Clearly, in order for the far left to convince itself of this, an exercise of imagination is needed – a quality that some of its currents sadly lack. Imagination is the ability to give oneself in anticipation a vivid representation of what is likely to happen, in other words, images of sufficient impressive force: as if this had already come about. Then the spectacle we have before our eyes – provided it is correct – is a powerful aid in determining an adequate line, instead of having to await the advent of catastrophe to lament over what ‘we could never have imagined’.

And so, what we have to imagine is the RN in power. That should not normally be too difficult, since Macronism has undertaken enough measures to give us a quite precise foretaste of an actual fascism. So much so that the imaginative exercise only has to move the cursor further along. While Macron has led us in this direction, there still remains a margin for the worse: political leaders outside the institutional field arrested without motive, organisations dissolved arbitrarily and without recourse, the impossibility of the least demonstration of support for anything without immediate repression, anti-union laws practically prohibiting any action on the part of workers. Don’t the cases of the trade unionists Jean-Paul Delescaut and Christian Porta – the former condemned to a prison sentence for being an “apologist for terrorism”, the latter sacked for having “harassed” his bosses - give a sufficient glimpse of what the generalisation of such laws would mean? And isn’t the case of the Hélène Boucher high-school students (who occupied their high school in solidarity with Palestine) eloquent enough – chased out of their classrooms by totally out-of-control cops, pistols at the ready, and told: ‘You’ll see what a real fascist regime is like’?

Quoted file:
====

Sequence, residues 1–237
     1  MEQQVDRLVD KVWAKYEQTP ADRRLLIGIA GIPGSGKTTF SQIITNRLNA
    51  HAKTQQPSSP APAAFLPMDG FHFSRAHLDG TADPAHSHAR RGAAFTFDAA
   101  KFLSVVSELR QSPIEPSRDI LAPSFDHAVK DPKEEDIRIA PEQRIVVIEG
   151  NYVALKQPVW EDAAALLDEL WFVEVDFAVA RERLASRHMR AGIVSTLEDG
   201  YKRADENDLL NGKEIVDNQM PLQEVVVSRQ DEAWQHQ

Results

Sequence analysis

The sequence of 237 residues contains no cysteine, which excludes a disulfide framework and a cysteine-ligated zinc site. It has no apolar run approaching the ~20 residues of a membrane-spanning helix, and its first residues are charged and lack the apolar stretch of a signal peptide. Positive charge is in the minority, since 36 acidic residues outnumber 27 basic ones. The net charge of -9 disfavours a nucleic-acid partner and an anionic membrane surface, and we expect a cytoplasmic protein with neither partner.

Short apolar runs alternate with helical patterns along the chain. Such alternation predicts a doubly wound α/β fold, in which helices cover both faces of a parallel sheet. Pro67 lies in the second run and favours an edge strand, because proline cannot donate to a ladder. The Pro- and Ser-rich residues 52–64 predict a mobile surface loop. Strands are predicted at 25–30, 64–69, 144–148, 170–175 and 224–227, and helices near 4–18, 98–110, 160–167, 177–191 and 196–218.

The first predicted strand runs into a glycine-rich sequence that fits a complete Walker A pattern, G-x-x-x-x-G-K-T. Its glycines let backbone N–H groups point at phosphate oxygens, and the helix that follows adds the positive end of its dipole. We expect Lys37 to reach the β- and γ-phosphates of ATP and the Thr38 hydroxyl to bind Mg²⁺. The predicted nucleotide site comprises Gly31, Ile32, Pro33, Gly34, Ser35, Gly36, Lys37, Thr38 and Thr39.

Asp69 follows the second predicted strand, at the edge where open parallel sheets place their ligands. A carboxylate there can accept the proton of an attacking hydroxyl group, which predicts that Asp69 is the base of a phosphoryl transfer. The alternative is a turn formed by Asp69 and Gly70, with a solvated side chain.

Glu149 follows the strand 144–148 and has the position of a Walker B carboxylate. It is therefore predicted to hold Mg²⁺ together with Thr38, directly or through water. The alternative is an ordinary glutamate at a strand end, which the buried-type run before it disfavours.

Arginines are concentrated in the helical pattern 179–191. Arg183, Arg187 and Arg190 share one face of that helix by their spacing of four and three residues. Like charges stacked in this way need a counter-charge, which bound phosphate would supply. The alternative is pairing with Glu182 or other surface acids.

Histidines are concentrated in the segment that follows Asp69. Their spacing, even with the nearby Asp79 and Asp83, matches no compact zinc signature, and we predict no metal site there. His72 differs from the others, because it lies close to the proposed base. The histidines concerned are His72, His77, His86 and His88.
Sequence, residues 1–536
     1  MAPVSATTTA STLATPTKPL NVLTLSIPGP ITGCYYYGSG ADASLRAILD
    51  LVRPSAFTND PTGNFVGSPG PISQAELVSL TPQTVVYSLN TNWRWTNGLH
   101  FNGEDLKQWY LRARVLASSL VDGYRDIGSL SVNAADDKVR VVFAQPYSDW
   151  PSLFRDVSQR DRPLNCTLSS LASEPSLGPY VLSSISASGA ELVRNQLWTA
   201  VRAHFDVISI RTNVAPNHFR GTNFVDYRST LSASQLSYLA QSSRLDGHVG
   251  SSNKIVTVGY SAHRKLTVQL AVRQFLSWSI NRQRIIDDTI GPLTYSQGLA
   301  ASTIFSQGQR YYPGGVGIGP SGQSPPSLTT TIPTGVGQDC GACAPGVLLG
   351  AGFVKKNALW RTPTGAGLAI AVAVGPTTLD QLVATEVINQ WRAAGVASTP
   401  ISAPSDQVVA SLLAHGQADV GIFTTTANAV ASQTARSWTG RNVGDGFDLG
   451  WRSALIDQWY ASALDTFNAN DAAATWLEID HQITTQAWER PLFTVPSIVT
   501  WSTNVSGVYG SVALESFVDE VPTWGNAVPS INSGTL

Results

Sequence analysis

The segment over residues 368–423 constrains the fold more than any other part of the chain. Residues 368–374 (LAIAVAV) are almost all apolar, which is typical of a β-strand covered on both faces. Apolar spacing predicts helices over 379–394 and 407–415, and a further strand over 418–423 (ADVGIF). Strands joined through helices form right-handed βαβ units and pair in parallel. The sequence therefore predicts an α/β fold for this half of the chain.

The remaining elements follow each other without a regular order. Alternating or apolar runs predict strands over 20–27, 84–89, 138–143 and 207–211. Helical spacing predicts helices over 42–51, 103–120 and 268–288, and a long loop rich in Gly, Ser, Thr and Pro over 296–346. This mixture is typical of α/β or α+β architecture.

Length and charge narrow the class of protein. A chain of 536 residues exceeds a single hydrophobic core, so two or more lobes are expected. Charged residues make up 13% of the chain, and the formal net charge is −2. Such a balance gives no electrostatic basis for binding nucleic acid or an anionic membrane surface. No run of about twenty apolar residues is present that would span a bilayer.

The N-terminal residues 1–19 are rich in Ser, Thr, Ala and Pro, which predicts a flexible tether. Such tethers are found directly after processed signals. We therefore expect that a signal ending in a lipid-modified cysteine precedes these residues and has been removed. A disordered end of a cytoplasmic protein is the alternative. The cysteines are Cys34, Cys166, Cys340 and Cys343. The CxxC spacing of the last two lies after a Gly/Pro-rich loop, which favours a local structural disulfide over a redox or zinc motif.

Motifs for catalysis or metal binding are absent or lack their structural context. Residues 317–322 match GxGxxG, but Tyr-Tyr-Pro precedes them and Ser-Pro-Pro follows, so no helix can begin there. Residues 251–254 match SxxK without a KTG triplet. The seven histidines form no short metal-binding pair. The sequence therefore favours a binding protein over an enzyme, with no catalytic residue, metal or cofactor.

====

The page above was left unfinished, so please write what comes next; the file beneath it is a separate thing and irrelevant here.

[book-strip index="1"]

And indeed, we will see. We will see fascist police, we will see authorisations to fire live rounds in the banlieues, against demonstrators or ‘eco-terrorists’. We will see ‘refusals to comply’ and the Chilean future of police-station basements. We will also see fascist justice: its penal policy, its special instructions, its appointments of prosecutors. Indeed, we will see an administration infested with racist officials, specially at the intermediate levels, far from those appointments decided by the council of ministers – after having seen what this leads to in the form of managerial infestation: principals, hospital directors, commissioners, court presidents, etc. Those unconscious folk who light-heartedly imagine it’ll just be like Meloni, not so dreadful after all, have no comprehension of the French state.